Criminal Justice Reform

by Jared Feldman

 

The JCPA mission statement calls for a “just American society,” recognizing that the Jewish community has “an ethical imperative to assure that America remains a country wedded to the Bill of Rights and committed to the rule of law, a nation whose institutions continue to function as a public trust.”  Nowhere is this goal and imperative more manifest than in our system of justice and, more specifically, in our criminal justice system.

 

The operation of a morally and legally sound criminal justice system–one of the most profound responsibilities of any government–involves the protection of individuals from harm and the punishment of offenders, each of these goals being necessary to provide a sense of security and justice for all Americans.  But the issues are more than philosophical and ethical pronouncements. Pragmatically, we recognize that achieving these goals must be accomplished in a way that maximizes the societal benefits and at the same time minimizes costs inuring from different approaches to criminal justice. We believe, and current evidence supports the view that reasoned efforts can and do accomplish both goals.

 

Justice in America is too often delayed, too often denied.  Court dockets are overloaded, the public defender system is underfunded, racial disparities permeate the system. 

 

Between 1987 and 2007, the national prison population nearly tripled.  There are now more than 2.3 million Americans in jails and prisons, more than 1 in 100 American adults, an all-time high incarceration rate that far exceeds that of any other nation.  Minorities are disproportionately affected with one in nine African American males between the ages of 20 and 34 behind bars.  State governments, which are responsible for 90 percent of incarcerated adults, spend more than $50 billion a year on maintaining their prison systems.  The federal government spends another $5 billion. Corrections spending has grown at a much greater rate than higher education spending.  Many of those imprisoned are for non-violent offenses, often for lengthy periods required by inflexible, mandatory sentencing rules.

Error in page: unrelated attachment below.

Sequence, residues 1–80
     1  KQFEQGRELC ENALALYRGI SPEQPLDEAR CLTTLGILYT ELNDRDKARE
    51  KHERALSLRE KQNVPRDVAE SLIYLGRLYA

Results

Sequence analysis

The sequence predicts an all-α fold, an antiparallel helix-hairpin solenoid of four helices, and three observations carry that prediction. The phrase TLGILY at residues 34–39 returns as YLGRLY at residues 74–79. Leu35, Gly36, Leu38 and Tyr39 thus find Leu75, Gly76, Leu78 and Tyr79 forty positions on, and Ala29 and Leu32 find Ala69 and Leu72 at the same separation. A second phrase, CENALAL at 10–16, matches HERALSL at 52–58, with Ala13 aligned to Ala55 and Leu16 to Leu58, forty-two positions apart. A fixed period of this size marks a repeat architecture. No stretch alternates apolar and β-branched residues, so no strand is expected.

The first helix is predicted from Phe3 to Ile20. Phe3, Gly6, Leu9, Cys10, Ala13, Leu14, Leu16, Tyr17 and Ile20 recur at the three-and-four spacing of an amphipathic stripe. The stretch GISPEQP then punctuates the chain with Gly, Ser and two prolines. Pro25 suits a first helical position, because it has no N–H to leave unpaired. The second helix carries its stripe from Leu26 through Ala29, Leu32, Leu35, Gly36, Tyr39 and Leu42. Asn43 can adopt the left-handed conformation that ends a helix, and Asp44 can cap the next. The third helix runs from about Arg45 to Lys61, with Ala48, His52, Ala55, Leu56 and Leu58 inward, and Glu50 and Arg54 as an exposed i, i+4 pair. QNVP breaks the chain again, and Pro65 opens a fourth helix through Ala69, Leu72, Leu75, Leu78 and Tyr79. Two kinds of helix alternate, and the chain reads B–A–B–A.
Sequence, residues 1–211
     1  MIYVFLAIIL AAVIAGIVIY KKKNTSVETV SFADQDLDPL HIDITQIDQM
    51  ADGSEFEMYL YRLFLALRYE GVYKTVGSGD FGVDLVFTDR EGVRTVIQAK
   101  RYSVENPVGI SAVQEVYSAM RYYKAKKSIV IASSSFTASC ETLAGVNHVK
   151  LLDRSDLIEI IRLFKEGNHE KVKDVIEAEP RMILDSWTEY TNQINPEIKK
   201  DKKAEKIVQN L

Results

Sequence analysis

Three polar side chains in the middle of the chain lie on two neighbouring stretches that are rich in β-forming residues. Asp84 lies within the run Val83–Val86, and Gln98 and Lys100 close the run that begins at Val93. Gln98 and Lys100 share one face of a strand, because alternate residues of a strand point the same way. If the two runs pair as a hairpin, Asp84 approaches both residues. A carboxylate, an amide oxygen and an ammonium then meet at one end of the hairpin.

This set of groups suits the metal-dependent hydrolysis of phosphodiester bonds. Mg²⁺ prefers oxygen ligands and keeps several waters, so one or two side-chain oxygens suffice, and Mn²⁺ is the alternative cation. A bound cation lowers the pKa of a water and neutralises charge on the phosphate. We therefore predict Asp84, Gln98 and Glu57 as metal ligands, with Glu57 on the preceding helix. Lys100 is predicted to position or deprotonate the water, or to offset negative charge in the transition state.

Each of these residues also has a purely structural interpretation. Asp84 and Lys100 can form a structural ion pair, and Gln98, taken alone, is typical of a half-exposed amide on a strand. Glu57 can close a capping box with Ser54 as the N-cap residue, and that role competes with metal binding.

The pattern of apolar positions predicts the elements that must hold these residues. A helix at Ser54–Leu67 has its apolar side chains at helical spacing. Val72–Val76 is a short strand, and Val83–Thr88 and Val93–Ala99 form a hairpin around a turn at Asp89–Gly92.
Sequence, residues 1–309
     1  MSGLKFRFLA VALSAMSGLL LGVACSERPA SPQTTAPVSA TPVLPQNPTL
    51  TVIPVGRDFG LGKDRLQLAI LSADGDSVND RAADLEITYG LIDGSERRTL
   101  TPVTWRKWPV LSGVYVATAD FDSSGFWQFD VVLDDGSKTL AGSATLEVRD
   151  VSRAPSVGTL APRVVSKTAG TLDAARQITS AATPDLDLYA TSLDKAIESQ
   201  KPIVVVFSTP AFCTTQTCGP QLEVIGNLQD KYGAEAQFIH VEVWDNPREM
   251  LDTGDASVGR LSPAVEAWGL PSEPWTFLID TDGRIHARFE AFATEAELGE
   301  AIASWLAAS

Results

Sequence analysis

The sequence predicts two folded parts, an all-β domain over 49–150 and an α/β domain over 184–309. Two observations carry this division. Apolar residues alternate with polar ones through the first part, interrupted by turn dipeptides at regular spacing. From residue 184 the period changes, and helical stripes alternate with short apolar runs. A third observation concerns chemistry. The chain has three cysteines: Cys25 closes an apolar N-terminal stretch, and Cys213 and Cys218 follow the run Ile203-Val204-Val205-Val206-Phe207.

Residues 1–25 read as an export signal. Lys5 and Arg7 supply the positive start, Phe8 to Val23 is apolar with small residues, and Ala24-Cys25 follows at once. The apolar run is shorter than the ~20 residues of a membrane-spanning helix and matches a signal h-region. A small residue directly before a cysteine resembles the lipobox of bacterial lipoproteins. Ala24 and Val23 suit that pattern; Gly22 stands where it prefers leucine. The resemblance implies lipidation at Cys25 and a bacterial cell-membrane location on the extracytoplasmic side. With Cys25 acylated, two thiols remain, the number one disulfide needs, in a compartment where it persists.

The JCPA believes:

 

  • Criminal Justice Reform, at the federal, state, and local level, can result in a more effective and efficient criminal justice system. Reforms to all phases of our criminal justice system, based on sound data, can re-establish public faith and trust in the system, minimize mistakes, reduce recidivism, and conserve resources.  They include improvements in the areas of prevention, investigations, prosecution, corrections, education, training, and re-entry.   There are economic benefits in moving a substantial segment of the population toward productivity who would have otherwise faced insurmountable barriers to employment and re-integration after release from incarceration. 

 

  • Scores of post-conviction exonerations remind us that our system can and does convict innocent people. On both the state and federal levels, reforms are needed to ensure accountability for conduct and performance of police and prosecutors.  Police-community coordination can help improve the ability of law enforcement to provide security to the public.  Local law enforcement agencies should receive appropriate resources and have clearly defined procedures to ensure accuracy from the investigative, identification, and interrogation phases through post-conviction proceedings. 

 

  • Access to competent counsel is both constitutionally mandated and essential to prevent miscarriages of justice. The inadequacy of the current system too often results in justice denied.  Appropriate funding of our courts and the public defender system, including access to DNA evidence where appropriate, can help ensure that justice is neither delayed nor denied, as when the outcomes of criminal proceedings hinge arbitrarily on a defendant’s finances. 

 

  • Sentencing reforms can help ensure that the punishment fits the crime. These include increased judicial discretion as opposed to mandatory minimum sentences or similar provisions.  Alternatives to incarceration, trial or prosecution, such as community program diversion, electronic monitoring, drug courts (which have served as a model),    mandatory drug counseling, and other types of treatment for mental health issues should be used more frequently.  Such alternatives, including placement, treatment, and rehabilitation, can also yield more citizens paying taxes, victim restitution, and child support, and better assist these individuals in becoming to productive members of society.